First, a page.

Simon at home on the open roads
That is truly incredible. You’ve mentioned using phone apps; have you seen improvements in technology in this area since you started running?
I just love tech. Right now I’m wearing two wearables and I have two smartphones in my pocket. The app that made it possible was Runkeeper. In those very early days I was capped by the capability of the phone, more specifically the battery. I could run for as far as the battery would last. I was having to use external power so I could run even further. The capability of phone apps though didn’t expand too much. I only needed very simplistic things like audio updates on how far I’ve run and pace.
Technology has to move on though and I’m now at a point where I’ve actually created a piece of tech that is now going to enable me to go from solo running to actually competing in races. That is thanks to the steady march of technology and can only mean, in a few years time, that I maybe I can go beyond running and see what else is possible.
I was amazed to find out that your first race you decided to do was a 100-mile race. Didn’t you consider doing something ‘easy’ like a marathon or something?
The idea to run 100 miles was just born out of the progression I’d been making. When I was on the football pitch I was able to run 1 mile; when I got to train on the open road I’d managed to run 10 miles, so I got hooked on this X10 sort of thing. I thought if I could go from 1 to 10, I’m sure I can go from 10 to 100. From deciding to do running to the 100-mile race itself was 6 months. I put in a lot of training for it which took its toll physically and mentally. I was collapsing while out running. The fatigue was incredible so it was definitely a difficult point in time.
Where was the run?
It took place in the Cotswolds. The race unfortunately no longer exists, which is a real shame. It was called the Cotswold Ultra 100. I was used to running on pancake flat surfaces so of course there were hills and I was like – what’s this? I’ve never experienced a hill before!
The Cotswolds: rather hilly
Were you running solo or did you have anyone guiding you?
That turned into a fantastic adventure because the idea was to take a guide team with me that was going to be made up of friends. Unfortunately, all my friends became injured before race day so then I just turned to Twitter asking for help and 20 strangers agreed to come out as support crew. I’d never even met these people before until I ran with them. Every 10 miles, two new people appeared and it really demonstrated how willing the general public was to come out and get involved. Since that race, any big event I’ve done, I’ve always tried to recreate that model and get local people out.
Since that 100, I’ve done lots of distances: 20, 30 and 50K’s, but I’d never run a marathon. The idea was there so I thought about which one. Well if you’re going to do a marathon you’ve got to do the New York marathon.
It turns out New York is tantalisingly close to Boston, which is the headquarters for Runkeeper. So I thought it would be nice to run from their offices in Massachusetts to New York City, which is around 230 to 240 miles, and then run my first marathon.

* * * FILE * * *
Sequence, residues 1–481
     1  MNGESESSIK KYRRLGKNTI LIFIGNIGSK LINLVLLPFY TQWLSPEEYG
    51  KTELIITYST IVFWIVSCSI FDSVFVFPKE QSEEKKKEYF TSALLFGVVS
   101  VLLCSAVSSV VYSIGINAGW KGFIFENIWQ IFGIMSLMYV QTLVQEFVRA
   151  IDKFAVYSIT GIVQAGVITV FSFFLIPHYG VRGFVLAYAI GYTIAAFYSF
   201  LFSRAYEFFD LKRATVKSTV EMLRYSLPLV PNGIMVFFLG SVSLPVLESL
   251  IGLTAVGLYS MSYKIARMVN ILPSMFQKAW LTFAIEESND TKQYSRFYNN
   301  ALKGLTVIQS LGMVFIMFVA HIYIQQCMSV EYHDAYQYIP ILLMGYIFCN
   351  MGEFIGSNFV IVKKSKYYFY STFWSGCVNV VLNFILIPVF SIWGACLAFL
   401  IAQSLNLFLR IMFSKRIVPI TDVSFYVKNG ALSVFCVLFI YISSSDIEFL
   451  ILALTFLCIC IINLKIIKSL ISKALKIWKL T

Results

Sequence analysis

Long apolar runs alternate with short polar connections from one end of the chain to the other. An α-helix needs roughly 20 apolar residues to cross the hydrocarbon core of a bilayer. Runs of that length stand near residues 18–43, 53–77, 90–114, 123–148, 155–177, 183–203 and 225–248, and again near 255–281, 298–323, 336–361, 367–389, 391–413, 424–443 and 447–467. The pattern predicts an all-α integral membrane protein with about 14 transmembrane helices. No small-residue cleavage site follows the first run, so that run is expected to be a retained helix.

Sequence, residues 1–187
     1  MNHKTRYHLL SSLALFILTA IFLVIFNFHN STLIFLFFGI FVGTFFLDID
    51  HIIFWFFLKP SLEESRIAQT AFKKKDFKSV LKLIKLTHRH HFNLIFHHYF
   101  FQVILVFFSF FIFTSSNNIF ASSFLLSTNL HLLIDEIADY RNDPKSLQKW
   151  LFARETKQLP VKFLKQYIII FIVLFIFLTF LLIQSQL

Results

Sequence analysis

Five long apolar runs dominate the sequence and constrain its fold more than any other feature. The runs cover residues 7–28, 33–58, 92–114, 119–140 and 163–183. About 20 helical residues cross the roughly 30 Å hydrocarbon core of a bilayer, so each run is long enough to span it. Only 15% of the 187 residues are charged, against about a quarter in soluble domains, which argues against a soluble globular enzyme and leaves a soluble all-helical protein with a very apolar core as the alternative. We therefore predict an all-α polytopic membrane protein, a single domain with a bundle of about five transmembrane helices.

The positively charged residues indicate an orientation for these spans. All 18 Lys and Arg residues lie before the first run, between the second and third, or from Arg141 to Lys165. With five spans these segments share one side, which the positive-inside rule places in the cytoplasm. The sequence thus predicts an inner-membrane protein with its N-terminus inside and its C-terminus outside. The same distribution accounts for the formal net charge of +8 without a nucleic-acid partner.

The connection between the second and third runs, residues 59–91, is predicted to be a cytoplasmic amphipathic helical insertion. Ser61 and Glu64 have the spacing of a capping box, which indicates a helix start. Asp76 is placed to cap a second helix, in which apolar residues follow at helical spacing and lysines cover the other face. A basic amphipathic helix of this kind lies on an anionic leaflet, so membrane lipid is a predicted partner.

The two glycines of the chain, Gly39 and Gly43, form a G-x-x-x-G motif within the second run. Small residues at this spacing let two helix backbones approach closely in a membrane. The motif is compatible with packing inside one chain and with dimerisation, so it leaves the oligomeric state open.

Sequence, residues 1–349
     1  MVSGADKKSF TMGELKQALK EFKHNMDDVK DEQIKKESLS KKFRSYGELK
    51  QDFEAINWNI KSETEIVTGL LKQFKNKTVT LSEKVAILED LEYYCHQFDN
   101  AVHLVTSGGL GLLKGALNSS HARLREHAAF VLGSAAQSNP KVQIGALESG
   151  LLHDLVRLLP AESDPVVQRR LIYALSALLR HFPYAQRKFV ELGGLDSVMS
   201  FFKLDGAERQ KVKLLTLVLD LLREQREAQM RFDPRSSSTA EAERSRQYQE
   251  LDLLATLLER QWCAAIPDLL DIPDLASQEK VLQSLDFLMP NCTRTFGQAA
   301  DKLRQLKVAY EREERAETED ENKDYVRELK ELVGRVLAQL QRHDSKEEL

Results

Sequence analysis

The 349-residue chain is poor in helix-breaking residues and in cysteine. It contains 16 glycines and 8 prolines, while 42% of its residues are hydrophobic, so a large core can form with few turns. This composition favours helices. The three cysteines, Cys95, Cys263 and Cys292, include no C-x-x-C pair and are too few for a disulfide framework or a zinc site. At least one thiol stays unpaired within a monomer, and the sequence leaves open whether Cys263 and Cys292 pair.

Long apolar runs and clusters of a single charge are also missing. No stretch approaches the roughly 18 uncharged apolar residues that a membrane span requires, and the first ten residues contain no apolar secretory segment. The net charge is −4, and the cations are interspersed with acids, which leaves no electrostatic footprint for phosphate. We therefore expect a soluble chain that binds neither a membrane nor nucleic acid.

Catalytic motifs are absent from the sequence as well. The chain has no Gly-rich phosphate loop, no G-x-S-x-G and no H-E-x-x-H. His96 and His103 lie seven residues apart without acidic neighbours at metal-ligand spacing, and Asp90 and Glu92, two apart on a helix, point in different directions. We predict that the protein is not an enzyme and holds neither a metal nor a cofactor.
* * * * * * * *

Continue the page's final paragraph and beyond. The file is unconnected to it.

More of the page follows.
Excuse the pun but I'm running out of adjectives! How did it go?
I jumped on Twitter again and loads of people came out every day to help me run for a mile or two or more. That was just an incredible experience getting that kind of help from strangers. It’s also the conversations you have with people doing the race, not the professionals, but the part-time runners or the first-timers: those people who have to dig deep on every step to achieve their Everest. They are the most interesting to me.
It’s not about how far you’ve run, as long as you can get there and do something and get involved in a journey or adventure; that's what important.
The NYC Marathon over Verrazano-Narrows Bridge
You’re speaking now, of course, Simon and spoken already to a variety of audiences already; what kind of messages do you like to share with people?
Not having to conform to labels. Just because we’ve been labelled, it doesn’t mean you have to perform within it. There’s no need to be constrained. We can all perhaps do bigger, better, greater things which is really important to remember. This is important to remember in your personal life but also in a corporate setting and just not in leadership but anywhere in the organisation. Anyone can do great things no matter what your title is.
My other key topic is adaptability and change. For me, my entire life has been in constant change meaning I’m having to adapt. I’m constantly searching for ways to improve; whether that’s personally and/or through technology.
And setting goals would be important for you?
Yes, absolutely. You set a goal. You adapt to achieve that goal. I like to set a goal that is very, very lofty. If you don’t achieve that goal, failure is a fantastic learning tool. When you fail, you can go away and examine what happened so the next time you do that task perhaps you’ll perform even better. Achieving goals have to be hard. If it’s too easy not a lot can be learned. Do not be afraid to fail.
A great message Simon. And now for our final question: what next?
Well, the next challenge is to cross the Sahara Desert solo. That is being done with some technology that I designed to help me with point-to-point navigation. Up until recently I considered this to be as far as I could go on this front. However now, the technology exists which may allow me to go beyond the Sahara. I’m currently looking into some more advanced haptic navigation [tech which recreates the sense of touch by applying forces, vibrations, or motions to the user]. We’ll see where that leads but in the meantime I am currently planning to cross America by bike. In 2017, though, I am looking to do something really crazy but I can’t talk about that just yet.
Well Simon, we very much look forward to hearing about what that might be. Regarding your topics, you should definitely include inspirational to that list. It’s been an absolute pleasure talking to you.
Images courtesy of Simon Wheatcroft & Wikipedia